Tools? Buy only what you need right now and as time goes by your collection will grow. Look after your tools, keep them clean and they will pay you back handsomely. And when anything has done its bit, de-clutter, donate, chuck or give away and buy a ‘new’ one.
Mistake the Fourth – GROWING CONDITIONS.
Growing conditions for any container planting is important – and especially so for vegetables. You need the right container for the job; enough sunshine (usually 4 to 6 plus hours a day); a steady water supply and the right soil. Vegetables use up a lot of nutrients and so fertilising and composting and mulching is necessary. Don’t be skimpy when it comes to fertilising ... if you don’t feed your vegetables they won’t feed you. Use good potting soil in your containers, not garden soil, and keep your soil in tip top condition. After that you need you to plant and the plants that you want to plant! And what a great choice there is.
Keep checking your containers. Are the vegetable plants growing into their allocated spaces well? Are they healthy? Are you able to harvest good eating produce? Are there some bullies that are overwhelming other plants (i.e. do they need their own container to constrain spreading roots?) are the leaves healthy? Are there pests? If so, what can you or should you do about them? Don’t forget the earthworms – they really are your friends and every well dressed pot has a couple.
Mistake the Fifth – PLANT CHOICES
Only plant what you can handle and what you like to eat. Only plant what is right for your area. Don’t go buying seeds and seedlings for vegetables that need extra care because of the weather. Know your plants – how big do they grow? How do they spread? How deep are their roots? Allocate the right space and make sure they have enough sunshine and water and food and all and all.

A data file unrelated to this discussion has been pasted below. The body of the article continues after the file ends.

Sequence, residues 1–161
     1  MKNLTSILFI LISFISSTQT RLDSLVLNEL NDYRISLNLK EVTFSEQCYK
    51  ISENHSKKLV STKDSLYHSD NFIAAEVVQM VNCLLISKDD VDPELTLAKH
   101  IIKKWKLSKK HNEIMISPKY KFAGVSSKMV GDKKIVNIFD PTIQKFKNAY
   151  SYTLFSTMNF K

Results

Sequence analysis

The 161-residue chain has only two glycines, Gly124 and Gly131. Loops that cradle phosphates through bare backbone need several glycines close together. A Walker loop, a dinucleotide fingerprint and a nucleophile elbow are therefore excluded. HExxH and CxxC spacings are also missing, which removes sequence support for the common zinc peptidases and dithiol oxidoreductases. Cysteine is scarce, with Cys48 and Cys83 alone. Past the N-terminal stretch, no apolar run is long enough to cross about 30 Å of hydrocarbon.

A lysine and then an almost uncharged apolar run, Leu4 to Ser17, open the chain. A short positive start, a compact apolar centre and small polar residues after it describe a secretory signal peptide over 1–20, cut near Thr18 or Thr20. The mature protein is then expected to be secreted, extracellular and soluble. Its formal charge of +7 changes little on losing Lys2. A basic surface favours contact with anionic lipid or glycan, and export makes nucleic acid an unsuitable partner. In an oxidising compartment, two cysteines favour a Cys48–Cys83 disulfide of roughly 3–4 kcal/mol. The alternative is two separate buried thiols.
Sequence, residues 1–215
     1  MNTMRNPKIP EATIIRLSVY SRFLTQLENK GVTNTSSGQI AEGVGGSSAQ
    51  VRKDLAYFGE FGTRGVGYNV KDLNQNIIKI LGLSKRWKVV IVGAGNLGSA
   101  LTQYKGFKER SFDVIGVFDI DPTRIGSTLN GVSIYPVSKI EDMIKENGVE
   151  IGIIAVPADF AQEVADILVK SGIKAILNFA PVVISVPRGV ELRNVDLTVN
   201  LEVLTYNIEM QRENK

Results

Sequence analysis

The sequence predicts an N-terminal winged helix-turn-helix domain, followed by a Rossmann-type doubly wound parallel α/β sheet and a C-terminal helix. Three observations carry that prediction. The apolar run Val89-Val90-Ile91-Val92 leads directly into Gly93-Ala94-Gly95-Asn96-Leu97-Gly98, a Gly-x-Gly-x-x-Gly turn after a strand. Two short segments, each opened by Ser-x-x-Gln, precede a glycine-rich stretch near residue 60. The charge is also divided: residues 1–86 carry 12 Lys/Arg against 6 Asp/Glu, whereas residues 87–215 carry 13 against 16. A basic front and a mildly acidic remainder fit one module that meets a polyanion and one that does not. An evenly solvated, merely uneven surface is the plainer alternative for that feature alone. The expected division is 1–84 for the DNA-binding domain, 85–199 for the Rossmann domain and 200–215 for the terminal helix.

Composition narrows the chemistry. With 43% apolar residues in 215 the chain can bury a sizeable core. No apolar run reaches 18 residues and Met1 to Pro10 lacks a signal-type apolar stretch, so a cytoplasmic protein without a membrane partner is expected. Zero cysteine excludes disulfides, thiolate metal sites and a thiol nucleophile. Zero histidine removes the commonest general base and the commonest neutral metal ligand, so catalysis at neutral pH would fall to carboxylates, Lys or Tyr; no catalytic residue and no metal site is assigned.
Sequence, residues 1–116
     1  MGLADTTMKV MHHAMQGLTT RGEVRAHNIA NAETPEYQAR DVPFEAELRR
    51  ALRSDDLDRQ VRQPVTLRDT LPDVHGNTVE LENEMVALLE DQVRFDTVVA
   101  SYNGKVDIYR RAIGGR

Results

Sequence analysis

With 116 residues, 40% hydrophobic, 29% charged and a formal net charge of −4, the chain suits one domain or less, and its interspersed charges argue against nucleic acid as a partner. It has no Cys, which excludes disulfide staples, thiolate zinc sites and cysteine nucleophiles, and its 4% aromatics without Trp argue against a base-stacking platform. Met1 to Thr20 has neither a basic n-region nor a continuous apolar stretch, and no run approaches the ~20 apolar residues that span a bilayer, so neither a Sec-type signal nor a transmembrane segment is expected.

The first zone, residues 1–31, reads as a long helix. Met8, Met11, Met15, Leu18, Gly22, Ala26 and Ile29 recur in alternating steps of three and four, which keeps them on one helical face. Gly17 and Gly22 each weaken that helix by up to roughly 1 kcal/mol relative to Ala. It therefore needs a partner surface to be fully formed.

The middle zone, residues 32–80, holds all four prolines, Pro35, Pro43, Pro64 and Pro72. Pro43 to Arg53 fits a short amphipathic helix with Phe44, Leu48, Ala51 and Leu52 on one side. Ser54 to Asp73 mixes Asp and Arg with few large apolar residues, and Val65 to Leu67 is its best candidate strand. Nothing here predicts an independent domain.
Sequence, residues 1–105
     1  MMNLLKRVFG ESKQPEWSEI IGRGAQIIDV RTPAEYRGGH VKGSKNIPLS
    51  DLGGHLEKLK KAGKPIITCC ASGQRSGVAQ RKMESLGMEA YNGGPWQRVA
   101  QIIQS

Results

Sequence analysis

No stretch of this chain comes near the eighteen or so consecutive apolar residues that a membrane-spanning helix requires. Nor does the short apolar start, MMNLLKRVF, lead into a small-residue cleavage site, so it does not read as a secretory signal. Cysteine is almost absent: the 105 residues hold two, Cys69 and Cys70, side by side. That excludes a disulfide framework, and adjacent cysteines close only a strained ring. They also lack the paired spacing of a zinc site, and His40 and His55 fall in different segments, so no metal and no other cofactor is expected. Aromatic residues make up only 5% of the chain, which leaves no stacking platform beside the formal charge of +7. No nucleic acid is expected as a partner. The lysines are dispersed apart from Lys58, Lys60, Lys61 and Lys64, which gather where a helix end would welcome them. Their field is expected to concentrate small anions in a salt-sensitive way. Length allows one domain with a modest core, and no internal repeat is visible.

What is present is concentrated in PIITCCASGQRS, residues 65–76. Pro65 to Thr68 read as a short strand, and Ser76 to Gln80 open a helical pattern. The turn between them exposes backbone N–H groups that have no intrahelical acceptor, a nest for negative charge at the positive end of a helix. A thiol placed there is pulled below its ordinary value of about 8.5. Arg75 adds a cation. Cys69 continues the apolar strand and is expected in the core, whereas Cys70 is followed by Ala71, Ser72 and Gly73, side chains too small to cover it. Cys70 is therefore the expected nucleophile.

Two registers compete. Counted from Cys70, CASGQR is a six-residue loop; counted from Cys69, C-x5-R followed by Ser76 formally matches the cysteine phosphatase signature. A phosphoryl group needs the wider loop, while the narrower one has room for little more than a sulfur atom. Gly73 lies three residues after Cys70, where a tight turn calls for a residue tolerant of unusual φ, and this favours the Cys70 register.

For beginners, newbies and start-agains … try lettuce; sweet bell peppers; spinach; runner beans; cherry tomatoes; potatoes; and a selection of your favourite herbs. These can include basil, parsley, mint, chives, garlic, chillies and ginger. Also go for strawberries (buy a strawberry pot), and plant some marigolds are edible and pretty and also act as a natural pest deterrent. Grow some beetroot (go for a dwarf variety) and nasturtiums – a pretty edible climber that comes in jewel colours.
If you want to read about what not to do when it comes to vegetable container gardening, read the companion article posted separately - Five MORE Container Gardening Mistakes. Both articles cover their subjects in a manner that makes either of them a very good place to start. I have learnt a lot from all sorts of places, including my Gran and my Mom, and they were pretty smart gardeners, I can tell you. So that you won’t get caught, think about these ideas and translate them into your gardening life – and you are sure to improve things all round if you follow the advice.
Container Gardening is not rocket science. Trust yourself, please do.
What do you want your container garden to do?